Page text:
World’s Largest Wildlife Crossing Will Save Mountain Lions

Annemarie DonkinBy Annemarie Donkin      May 14, 2021

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World’s Largest Wildlife Crossing Will Save Mountain Lions
GRAPHICS COURTESY OF LIVING HABITAT Overlook Rendering
The proposed Liberty Canyon Wildlife Crossing—a wide, vegetated bridge spanning the Ventura (101) freeway in Agoura Hills—will allow wildlife such as mountain lions, bobcats, gray foxes and mule deer to cross safely from the Simi Hills into the Santa Monica Mountains to find food, new habitats and potential mates. With the recent discovery of a strong, young male mountain lion (P-95) in the Santa Monica Mountains, decades of planning and a steady stream of donations, the proposed Liberty Canyon Wildlife Crossing is fast becoming a reality. This is good news, since there is a need to build the crossing sooner rather than later. The National Park Service (NPS) reports that 23 mountains lions have been struck and killed by traffic in their study area since 2002. According to Wildlife Biologist Jeff Sikich, area mountain lions and bobcats are struggling to survive due to urban development and genetic inbreeding that results from wildlife being unable to cross the highway and roads to find suitable mates. These felines are in desperate need of access to the natural areas on both sides of US Route 101. Bridging the Divide Project leaders recently released a new design and cost estimates for the 165-foot-wide and 200-foot-long overpass that would cross 10 lanes of the 101 Freeway at Liberty Canyon in Agoura Hills and a 54-foot-wide crossing over Agoura Road. If the project stays on track with fundraising efforts, the $88 million crossing will break ground in late 2021 with an estimated completion by the end of 2023. The Liberty Canyon location was chosen by experts for a number of reasons, but mostly because there is publicly owned and protected land on both sides of the freeway that will never be developed. A crossing will also allow a wide variety of native wildlife including bobcats, deer, raccoons, frogs and even butterflies, to access connected open space and a wider diversity of mates. According to wildlife crossing designers, Living Habitats, an architectural landscape company based in Chicago, to reconstruct the natural topography the bridge would be covered with native vegetation and even mushrooms to create an ecologically resilient and more attractive wildlife passageway between the Santa Monica Mountains and the Simi Hills to the north. Native plants will also form a vegetated sound wall as a significant light and sound barrier across a freeway that carries more than 300,000 vehicles per day.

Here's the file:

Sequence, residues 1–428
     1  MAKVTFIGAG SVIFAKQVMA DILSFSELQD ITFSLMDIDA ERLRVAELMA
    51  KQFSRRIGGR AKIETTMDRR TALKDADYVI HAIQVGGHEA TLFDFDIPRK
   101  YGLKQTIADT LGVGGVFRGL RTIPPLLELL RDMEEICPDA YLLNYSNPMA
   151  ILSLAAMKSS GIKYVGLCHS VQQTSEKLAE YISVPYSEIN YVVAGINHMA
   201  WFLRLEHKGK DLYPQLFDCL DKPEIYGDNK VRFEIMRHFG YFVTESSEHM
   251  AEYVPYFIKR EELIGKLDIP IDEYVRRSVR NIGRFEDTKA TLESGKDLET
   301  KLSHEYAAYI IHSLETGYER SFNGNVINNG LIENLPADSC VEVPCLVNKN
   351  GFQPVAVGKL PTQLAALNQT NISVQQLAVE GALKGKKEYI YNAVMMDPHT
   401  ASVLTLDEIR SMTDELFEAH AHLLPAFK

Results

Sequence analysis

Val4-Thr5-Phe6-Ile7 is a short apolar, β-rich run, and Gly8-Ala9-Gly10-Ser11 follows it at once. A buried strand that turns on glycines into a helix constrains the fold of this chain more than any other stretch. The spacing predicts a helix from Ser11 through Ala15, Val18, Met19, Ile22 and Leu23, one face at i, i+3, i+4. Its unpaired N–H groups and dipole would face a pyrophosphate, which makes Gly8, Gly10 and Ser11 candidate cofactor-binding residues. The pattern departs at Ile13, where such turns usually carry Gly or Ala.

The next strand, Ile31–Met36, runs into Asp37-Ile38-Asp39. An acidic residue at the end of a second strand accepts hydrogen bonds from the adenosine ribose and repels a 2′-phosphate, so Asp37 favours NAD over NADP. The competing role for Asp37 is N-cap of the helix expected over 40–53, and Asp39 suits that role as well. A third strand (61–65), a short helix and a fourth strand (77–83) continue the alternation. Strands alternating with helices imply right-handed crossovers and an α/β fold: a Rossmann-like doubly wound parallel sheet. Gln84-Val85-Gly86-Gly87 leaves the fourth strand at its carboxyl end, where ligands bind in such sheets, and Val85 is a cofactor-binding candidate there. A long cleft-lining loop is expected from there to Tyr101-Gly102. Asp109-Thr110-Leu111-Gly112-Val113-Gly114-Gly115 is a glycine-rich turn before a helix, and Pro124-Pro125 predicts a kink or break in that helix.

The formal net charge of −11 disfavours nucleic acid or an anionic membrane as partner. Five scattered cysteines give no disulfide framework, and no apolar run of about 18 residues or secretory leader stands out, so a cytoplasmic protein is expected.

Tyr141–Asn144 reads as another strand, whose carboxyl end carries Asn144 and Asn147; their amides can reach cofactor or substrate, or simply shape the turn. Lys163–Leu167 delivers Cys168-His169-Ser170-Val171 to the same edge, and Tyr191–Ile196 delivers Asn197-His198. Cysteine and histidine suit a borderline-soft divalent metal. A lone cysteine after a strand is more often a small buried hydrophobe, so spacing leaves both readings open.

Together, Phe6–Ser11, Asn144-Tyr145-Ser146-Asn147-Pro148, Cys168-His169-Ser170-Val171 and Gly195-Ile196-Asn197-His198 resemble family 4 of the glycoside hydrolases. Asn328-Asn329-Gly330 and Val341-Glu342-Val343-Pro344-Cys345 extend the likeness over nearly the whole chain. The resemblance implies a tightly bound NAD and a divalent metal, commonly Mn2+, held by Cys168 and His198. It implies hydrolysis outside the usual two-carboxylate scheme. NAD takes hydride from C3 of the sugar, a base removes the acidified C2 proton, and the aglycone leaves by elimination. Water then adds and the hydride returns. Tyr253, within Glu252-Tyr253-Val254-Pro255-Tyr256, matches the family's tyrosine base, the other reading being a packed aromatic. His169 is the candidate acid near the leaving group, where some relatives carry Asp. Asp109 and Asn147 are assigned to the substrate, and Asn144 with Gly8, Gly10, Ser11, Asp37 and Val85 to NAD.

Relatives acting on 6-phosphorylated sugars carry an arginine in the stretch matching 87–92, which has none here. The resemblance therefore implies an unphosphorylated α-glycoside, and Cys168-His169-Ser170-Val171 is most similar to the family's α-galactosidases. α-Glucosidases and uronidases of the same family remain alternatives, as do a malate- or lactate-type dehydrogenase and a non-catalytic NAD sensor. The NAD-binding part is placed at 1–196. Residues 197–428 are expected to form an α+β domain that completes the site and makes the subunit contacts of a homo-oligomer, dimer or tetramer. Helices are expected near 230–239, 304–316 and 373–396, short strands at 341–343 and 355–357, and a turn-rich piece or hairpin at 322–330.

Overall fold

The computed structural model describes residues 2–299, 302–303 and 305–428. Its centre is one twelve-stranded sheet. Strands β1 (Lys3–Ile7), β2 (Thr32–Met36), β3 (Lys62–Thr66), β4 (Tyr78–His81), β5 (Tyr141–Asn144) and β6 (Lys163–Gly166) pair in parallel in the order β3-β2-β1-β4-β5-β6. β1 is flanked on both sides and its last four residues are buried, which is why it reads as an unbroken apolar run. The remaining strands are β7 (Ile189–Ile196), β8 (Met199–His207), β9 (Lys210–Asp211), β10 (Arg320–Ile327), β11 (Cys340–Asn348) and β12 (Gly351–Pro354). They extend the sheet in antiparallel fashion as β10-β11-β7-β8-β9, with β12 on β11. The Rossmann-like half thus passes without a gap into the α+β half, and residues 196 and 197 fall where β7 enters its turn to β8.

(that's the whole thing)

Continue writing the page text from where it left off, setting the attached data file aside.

GRAPHICS COURTESY OF LIVING HABITAT Crossing Wildlife Species Graphic
Endangered Mountain Lions in a Dense City
On January 16, the National Park Service announced an important new addition to its mountain lion study—P-95.

“P-95 is a young puma—about one and a half years old—weighing in at roughly 90 pounds,” wrote Jeff Sikich of the National Park Service. Sikich is a wildlife biologist researching the impacts of urbanization and habitat fragmentation on mountain lions at Santa Monica Mountains National Recreation Area (SMMNRA) in Southern California.